Santa Fe New Mexican--Advocates for such a bill counter it will protect workers, increase morale and cut down on the number of workers who leave the workforce on disability because they cannot otherwise deal with serious health issues. Jacob Vigil, senior research and policy analyst for the nonprofit advocacy group New Mexico Voices for Children, said paid leave offers workers stability and leads to “more loyalty to employers.”
Tumbleweeds Magazine--There is still much the state can do to ensure that all children have the opportunities they need to thrive. Lawmakers should continue their work to bring more equity to our tax code by increasing the state’s new child tax credit, while also supporting public and environmental health programs, and continuing to increase investments in education from cradle to career.
New Mexico In Depth--Although these are separate data points — deaths with underlying conditions, versus mortality rates by race and ethnicity — they are “absolutely connected,” said Emily Wildau, research and policy analyst at New Mexico Voices for Children.
Source NM--Amber Wallin, executive director of New Mexico Voices for Children, said issues in education funding go beyond any one election, and officials and New Mexicans need to think about how they can best set up future generations. “We have massive needs in our state and in our schools, in our families that are really generational problems to solve. They’re not election-cycle problems to solve.”
Carlsbad Current Argus--“With new federal funds available to state and local leaders, New Mexico has an exciting opportunity to invest in the health and well-being of our children, our climate, and our economy,” Wallin said.
“A lot of the states can expect to see these improvements fade over time as the federal programs expire, but New Mexico should see lasting improvement from policy changes made over the last few years,” said Amber Wallin, executive director of New Mexico Voices for Children.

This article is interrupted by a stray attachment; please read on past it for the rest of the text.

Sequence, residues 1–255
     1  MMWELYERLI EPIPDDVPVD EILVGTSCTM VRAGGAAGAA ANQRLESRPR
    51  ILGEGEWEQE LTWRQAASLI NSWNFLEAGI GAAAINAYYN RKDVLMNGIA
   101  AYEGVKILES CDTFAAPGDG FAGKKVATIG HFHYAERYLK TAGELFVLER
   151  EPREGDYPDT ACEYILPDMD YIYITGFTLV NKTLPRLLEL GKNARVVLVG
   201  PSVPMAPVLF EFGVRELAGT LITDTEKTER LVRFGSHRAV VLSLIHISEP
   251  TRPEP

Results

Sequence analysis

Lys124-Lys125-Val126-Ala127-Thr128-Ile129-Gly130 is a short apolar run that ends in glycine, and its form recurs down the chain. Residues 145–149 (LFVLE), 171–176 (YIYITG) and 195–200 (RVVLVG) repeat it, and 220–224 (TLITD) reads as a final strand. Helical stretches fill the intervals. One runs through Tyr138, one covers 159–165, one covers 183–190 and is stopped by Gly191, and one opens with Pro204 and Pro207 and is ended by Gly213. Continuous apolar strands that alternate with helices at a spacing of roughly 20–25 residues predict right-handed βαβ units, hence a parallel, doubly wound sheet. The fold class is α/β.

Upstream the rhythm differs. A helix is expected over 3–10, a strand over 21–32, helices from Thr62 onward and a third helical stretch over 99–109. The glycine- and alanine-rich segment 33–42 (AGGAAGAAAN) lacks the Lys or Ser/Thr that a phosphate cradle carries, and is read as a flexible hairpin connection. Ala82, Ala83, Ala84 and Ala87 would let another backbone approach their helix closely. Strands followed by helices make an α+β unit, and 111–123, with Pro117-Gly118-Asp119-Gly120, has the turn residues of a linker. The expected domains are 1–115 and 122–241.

“The biggest thing we see is the overall rate of poverty for kids under 18 dropped from 9.2 percent [in 2020] to 5.2 percent [in 2021],” she said.
New Mexico voters can also take action by voting Yes on Constitutional Amendment 1 on the ballot in November. Constitutional Amendment 1 would draw down a small portion of the $26 billion permanent school fund to support high-quality early childhood care and education services — such as home visiting and pre-kindergarten — and services for at-risk students.
The federal expanded credit “provided really targeted relief to those families that needed it most,” says Amber Wallin, executive director of the advocacy group New Mexico Voices for Children. She adds that beyond simple relief, the income support “create[d] long-term opportunities [for children] to thrive,” as research consistently shows cash-assistance programs for families support children’s health, educational outcomes, and general well-being.
“What this data reflects is mostly pre-pandemic conditions,” Wallin told NM Political Report. “It’s reflective of the times before all the big policy changes in New Mexico. This data doesn’t capture all the changes we’ve seen in recent years.”